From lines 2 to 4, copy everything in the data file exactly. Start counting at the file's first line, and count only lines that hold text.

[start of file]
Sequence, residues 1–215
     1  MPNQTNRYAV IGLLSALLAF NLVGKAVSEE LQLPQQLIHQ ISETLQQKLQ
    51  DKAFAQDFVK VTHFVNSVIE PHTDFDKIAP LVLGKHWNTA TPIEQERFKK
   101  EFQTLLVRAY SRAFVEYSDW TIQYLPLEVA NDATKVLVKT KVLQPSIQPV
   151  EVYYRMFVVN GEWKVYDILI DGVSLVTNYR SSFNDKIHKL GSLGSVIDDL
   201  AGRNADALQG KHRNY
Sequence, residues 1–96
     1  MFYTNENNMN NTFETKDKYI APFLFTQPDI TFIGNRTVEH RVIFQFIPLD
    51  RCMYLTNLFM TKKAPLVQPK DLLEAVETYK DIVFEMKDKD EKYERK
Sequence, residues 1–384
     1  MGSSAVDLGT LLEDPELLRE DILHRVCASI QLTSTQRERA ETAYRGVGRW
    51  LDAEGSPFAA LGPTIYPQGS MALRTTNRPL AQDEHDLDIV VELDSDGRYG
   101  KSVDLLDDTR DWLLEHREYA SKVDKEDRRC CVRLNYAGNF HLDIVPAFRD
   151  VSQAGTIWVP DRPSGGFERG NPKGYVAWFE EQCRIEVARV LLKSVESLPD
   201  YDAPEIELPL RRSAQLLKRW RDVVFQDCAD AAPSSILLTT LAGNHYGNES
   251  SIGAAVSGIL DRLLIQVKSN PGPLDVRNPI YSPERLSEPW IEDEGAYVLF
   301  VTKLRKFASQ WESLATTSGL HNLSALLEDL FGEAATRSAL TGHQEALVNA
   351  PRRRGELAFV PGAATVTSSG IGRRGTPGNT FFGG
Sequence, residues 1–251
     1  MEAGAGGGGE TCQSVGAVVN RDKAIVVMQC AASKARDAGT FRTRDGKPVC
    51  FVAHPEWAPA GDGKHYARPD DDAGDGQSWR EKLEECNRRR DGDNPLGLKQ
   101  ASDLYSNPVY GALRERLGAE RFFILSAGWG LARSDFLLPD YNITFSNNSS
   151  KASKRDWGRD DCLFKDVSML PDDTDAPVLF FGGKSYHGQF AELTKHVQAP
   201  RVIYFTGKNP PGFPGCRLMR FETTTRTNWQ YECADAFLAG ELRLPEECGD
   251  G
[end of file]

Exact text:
     1  MPNQTNRYAV IGLLSALLAF NLVGKAVSEE LQLPQQLIHQ ISETLQQKLQ
    51  DKAFAQDFVK VTHFVNSVIE PHTDFDKIAP LVLGKHWNTA TPIEQERFKK
   101  EFQTLLVRAY SRAFVEYSDW TIQYLPLEVA NDATKVLVKT KVLQPSIQPV